The Orlando International Fringe Festival, which has struggled to lure performance groups that reflect the area's diverse nonwhite and ethnic communities, recently created for itself a new challenge: By adding a seventh downtown stage to its 10-day run next spring, the Fringe has upped the ratio of slots set aside for ethnic/minority and international acts, and now must set out to fill them.
To begin, applications for the first-come, first-served theater festival will be published in four tongues, "so that we can get it out to people in their native language, which should help, although reading them when they get back to me won't be that easy," says Fringe producer Matt Wohl. Performers can pick up applications starting Monday, Sept. 27, at the downtown Fringe office, 398 W. Amelia St.; completed forms will be accepted starting Oct. 1. The 2000 Fringe runs April 28-May 7.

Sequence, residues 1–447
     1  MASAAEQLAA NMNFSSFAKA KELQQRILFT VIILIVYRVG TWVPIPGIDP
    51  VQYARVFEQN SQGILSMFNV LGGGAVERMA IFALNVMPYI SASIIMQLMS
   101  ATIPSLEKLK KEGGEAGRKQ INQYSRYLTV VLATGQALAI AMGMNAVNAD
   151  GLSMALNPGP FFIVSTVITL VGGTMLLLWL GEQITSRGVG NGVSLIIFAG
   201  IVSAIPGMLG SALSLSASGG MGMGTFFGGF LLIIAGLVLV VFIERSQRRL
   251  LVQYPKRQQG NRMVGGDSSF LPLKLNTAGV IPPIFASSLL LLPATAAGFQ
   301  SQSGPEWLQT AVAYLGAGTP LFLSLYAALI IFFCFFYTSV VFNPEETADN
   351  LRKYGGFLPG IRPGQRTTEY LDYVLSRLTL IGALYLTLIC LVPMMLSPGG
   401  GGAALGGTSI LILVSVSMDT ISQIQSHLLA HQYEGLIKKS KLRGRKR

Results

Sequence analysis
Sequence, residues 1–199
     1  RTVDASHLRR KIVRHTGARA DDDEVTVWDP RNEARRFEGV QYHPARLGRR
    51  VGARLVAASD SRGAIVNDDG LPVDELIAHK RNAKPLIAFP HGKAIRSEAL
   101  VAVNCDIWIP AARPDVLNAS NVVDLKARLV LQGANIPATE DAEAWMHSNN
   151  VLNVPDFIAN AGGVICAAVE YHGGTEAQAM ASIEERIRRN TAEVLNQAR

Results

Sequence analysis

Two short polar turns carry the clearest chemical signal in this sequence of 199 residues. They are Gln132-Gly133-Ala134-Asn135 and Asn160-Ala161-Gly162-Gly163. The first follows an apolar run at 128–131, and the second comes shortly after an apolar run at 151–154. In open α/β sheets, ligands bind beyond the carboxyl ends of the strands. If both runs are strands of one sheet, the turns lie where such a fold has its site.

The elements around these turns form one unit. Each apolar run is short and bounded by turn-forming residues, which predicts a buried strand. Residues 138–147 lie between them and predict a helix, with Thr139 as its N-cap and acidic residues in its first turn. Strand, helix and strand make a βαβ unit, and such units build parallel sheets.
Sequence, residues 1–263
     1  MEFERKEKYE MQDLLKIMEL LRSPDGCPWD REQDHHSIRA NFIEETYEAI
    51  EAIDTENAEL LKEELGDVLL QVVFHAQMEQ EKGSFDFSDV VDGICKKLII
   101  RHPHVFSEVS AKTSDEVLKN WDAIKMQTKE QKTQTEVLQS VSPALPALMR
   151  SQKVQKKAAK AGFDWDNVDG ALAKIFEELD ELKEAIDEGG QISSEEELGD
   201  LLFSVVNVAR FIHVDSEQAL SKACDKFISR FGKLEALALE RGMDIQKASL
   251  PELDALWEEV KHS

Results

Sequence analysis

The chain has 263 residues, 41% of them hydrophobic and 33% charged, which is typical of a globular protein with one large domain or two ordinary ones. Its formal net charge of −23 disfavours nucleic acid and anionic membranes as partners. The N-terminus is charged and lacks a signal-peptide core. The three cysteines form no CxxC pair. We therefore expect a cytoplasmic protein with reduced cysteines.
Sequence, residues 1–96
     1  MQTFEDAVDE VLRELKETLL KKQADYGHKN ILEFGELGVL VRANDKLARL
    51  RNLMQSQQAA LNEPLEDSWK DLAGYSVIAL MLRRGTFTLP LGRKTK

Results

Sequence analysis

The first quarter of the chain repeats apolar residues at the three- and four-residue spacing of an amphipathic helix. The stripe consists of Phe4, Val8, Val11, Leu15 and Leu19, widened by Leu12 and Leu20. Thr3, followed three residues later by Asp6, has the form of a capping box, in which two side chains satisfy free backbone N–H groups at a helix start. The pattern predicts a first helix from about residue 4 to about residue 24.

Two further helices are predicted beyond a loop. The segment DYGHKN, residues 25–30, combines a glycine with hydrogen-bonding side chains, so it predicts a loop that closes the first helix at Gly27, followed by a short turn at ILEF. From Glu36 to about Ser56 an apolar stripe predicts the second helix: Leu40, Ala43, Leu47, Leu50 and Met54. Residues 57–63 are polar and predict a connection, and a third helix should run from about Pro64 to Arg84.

Patrons bought a record 14,800 tickets to 66 Fringe shows last year. Locals dominate the stages, as does comedy and musical review. But set-asides attempt to balance the familiar; this year the Fringe will hold open 10 slots for performers from other countries, 10 for ethnic/minority groups, and 10 for U.S. acts that originate outside of a 30-mile radius of Orlando. Another 15 slots are saved for locals. But set-asides are secure only until Dec. 1; after that, any openings are filled, and it's mostly local acts that fill them. (New this year will be a spot for visual artists to exhibit, and a planned showcase of acts stuck on the waiting list.)
Wohl says the burden of attracting distant artists who might lend new voices is compounded by Orlando's location; the local Fringe is the most geographically isolated on the North American circuit, discouraging acts that otherwise bounce among fringe festivals across Canada and elsewhere. That could change with plans to start festivals in places such as Atlanta and Miami, which could benefit Orlando by adding closer links in the chain. "The one thing we do have," says Wohl, "is good word-of-mouth."
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